Nobel Laureate Frances H. Arnold’s Innovative Discovery

Nobel Laureate Frances H. Arnold’s Innovative Discovery

Cami Rosso 02/11/2018 5
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Directed evolution (DE) is the acceleration of natural evolution using an iterative laboratory processes at the molecular level. Directed evolution of enzymes and binding proteins was a concept that was theorized in by German biophysicist Manfred Eigen — a Nobel Prize in Chemistry laureate, who was awarded the prize in 1967 for his research on fast chemical reactions.

In Eigen theory, published in 1984, he predicted that an “evolutionary machine” would one day be able to produce optimized enzymes. Nearly a decade later, Eigen’s theory became a reality through the innovative research of American Frances H. Arnold — the first woman to win the 2016 Millennium Technology Prize, and the first woman to win the Nobel Prize in Chemistry in 2018.

In 1993, Frances H. Arnold, a California Institute of Technology (Caltech) professor, chemical engineer, and prolific inventor, was the first person in the world to have successfully implemented the directed evolution of enzymes. Enzymes are biological catalysts that accelerate chemical reactions. Most enzymes are proteins, with the exception of ribozymes, an RNA molecule with enzymatic activity. For example, salivary amylase is the enzyme present in human saliva that aids in digestion by breaking down starches into simple sugars. In addition to digestion of food, enzymes catalyzes cell metabolism in the body. Commercially enzymes are used for a wide range of purposes, including medicine, food and beverage production, stain removal, meat tenderizer, and detergents.

The enzyme that Arnold used in her breakthrough research was a protein-digesting enzyme called subtilisin E. Through laboratory techniques, Arnold directed the evolution of subtilisin E to a variant that was active in highly denaturing environment that had high concentrations of a polar organic solvent, dimethylformamide (DMF).  In other words, Arnold discovered a method to speed up and direct the mutations of subtilisin E so that it could withstand higher concentrations of DMF — this was a watershed discovery.

As a result of her innovative research, the Royal Swedish Academy of Sciences awarded Arnold the Nobel Prize for Chemistry 2018 (the other half of the prize was awarded to George P. Smith and Sir Gregory P. Winter for their work on phage display of peptides and antibodies).

Arnold’s pioneering work opened an entirely new field that can be applied to solve real-world challenges in biotech, life sciences, chemical, consumer product goods, food, textiles, pharmaceutical and more industries. Frances H. Arnold has opened a world of possibilities through her scientific discovery, and it may help solve some of humanity’s greatest challenges through applied science in the future.

Biology is very clever, and many solutions to important problems can be found by engineering it.

Frances Arnold

Copyright © 2018 Cami Rosso All rights reserved.

References

The Royal Swedish Academy of Sciences.”Scientific Background on the Nobel Prize in Chemistry 2018 — Directed Evolution of Enzymes and Binding Proteins.” 3 October 2018. Retrieved 11-1-2018 from https://old.nobelprize.org/che-sci.pdf?_ga=2.228216788.850160180.1538560699-1556534510.1538560699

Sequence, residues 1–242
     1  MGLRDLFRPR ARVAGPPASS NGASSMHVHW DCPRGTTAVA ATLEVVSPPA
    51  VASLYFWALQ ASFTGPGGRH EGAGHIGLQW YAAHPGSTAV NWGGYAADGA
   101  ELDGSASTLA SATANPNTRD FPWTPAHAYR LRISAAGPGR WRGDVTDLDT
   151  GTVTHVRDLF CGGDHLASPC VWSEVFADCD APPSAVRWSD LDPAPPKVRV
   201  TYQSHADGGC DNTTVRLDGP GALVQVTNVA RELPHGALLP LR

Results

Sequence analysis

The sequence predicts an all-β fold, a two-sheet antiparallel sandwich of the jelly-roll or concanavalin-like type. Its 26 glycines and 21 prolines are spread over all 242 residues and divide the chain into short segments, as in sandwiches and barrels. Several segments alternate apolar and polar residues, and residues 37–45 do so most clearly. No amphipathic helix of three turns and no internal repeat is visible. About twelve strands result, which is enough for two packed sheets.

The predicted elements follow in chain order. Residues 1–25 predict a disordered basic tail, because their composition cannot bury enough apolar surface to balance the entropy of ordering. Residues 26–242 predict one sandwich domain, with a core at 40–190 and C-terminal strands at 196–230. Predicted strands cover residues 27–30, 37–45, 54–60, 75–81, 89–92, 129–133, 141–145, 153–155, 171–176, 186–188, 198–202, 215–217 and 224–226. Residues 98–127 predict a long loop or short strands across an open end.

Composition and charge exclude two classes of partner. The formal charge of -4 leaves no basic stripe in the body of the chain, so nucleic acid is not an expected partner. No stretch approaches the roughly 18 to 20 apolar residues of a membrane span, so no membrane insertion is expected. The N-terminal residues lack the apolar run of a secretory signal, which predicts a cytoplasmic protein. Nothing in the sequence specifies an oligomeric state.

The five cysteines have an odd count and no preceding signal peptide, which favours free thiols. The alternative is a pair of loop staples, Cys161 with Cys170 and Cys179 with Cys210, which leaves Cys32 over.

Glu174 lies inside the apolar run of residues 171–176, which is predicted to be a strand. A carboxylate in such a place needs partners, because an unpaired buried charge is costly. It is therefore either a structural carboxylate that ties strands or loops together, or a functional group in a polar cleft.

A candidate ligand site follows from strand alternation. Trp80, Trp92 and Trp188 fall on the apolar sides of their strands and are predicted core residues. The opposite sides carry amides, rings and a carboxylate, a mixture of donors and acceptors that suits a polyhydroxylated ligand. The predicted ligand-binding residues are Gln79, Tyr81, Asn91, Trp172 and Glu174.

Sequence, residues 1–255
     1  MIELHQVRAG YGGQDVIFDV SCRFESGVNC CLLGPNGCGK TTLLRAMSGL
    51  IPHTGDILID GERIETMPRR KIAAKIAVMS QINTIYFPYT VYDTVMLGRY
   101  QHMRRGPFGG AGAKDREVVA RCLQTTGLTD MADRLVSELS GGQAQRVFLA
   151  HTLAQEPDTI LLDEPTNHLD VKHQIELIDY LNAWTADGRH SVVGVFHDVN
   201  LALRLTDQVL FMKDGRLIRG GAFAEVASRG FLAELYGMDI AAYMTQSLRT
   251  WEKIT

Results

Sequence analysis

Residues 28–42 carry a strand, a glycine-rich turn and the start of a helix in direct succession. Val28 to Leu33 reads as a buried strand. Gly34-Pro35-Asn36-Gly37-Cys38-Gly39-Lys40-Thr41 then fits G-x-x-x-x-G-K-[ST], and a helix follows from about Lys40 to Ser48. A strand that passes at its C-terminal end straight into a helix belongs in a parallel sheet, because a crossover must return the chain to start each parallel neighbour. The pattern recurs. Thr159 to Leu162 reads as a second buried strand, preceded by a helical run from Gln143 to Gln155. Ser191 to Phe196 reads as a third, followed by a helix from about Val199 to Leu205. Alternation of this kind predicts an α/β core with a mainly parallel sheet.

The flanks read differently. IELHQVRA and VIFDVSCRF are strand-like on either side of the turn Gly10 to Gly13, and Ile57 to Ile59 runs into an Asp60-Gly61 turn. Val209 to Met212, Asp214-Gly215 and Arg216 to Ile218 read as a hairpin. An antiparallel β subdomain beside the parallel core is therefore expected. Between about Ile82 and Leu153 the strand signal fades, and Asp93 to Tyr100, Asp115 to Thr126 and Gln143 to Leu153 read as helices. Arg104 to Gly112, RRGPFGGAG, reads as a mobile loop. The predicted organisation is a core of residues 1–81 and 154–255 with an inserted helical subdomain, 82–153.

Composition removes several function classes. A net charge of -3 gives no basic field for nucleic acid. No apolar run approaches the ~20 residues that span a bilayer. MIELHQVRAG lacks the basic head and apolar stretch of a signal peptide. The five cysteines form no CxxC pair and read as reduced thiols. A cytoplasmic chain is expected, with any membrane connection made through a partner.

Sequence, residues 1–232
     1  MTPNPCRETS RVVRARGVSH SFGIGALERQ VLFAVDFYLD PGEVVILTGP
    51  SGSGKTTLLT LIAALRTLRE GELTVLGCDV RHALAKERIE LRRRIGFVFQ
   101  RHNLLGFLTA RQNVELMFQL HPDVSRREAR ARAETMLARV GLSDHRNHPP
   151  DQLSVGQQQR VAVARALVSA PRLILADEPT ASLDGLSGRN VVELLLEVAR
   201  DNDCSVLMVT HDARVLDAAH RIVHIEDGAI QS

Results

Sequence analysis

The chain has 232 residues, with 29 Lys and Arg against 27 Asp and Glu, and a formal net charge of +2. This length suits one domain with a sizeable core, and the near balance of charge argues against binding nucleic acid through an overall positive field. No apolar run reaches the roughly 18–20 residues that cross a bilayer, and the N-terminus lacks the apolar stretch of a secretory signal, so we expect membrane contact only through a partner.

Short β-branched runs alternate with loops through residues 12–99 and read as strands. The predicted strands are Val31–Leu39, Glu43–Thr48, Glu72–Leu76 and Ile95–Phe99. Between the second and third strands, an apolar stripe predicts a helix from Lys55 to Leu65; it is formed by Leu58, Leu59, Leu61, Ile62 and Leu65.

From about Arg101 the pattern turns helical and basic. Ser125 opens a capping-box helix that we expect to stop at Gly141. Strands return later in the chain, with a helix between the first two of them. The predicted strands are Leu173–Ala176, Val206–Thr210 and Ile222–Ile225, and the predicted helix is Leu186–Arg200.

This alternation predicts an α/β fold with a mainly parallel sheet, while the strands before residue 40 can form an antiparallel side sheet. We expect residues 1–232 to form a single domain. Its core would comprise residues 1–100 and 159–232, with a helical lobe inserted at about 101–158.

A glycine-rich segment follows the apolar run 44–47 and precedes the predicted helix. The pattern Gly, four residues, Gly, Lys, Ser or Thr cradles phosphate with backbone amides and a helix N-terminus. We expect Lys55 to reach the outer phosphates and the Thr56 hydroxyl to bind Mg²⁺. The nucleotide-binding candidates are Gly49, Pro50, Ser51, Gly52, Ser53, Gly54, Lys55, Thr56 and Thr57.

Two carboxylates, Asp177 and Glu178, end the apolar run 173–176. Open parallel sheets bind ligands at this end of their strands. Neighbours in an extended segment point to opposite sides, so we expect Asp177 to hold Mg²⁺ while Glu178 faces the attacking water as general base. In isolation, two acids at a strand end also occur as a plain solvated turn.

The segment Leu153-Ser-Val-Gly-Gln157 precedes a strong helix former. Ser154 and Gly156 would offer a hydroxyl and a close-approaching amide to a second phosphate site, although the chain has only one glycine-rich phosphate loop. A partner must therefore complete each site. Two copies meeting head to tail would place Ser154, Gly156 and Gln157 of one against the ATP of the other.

Köste, Vera. “Interview with Frances H. Arnold — Design by Evolution.” ChemViews. 05 December 2011. Retrieved 11-1-2018 from https://www.chemistryviews.org/details/ezine/1376211/Interview_with_Frances_H__Arnold__Design_by_Evolution.html

Golgowski, Nina. “Frances Arnold Becomes First American Woman to Win Nobel Prize in Chemistry.” HuffPost. 10/3/2018.

Encyclopedia Britannica. “Manfred Eigen.” Retrieved 11-1-2018 from https://www.britannica.com/biography/Manfred-Eigen

Sansom, Clare.”When is an enzyme not a protein?” Chemistry World. 29 February 2016.

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  • Nathan Spencer

    Congratulation for the nobel prize, thoroughly deserved.

  • Leon Graves

    Thanks you Dr.Frances Armold's for your efforts of pioneering protein engineering methods

  • Alan Porter

    She is quite an inspiration! Her research is very unique too.

  • Sam Wright

    I hope people like me achieve at least 10% of what you have accomplished.

  • John McGunigle

    Brilliant woman, huge inspiration !!!!

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Cami Rosso

Science Guru

Cami is a founder of three companies in high-tech consulting, global venture capital, and strategic marketing. She founded her first company during college and had a state branch of the Department of Aviation as her customer. She was a Kauffman Fellows semi-finalist. She has worked in Silicon Valley, Wall Street and globally for great companies like Apple, Morgan Stanley, PepsiCo, Adobe, and Oracle, to name a few. Cami was an American business delegate to the APEC/PECC IT summit of world leaders. She was an invited guest to meet an ambassador and diplomats to a Mission of the United Nations. Cami's speaking experience includes TV, radio, academia and industry conferences. She earned an MBA from IMD in Switzerland and a certificate in Marketing Innovative Technologies at the Harvard Business School Executive Education Program. She was recognized by The Financial Times and Radio Switzerland for her contribution to an award-winning team humanitarian project for children in UNHCR refugee camps.

   
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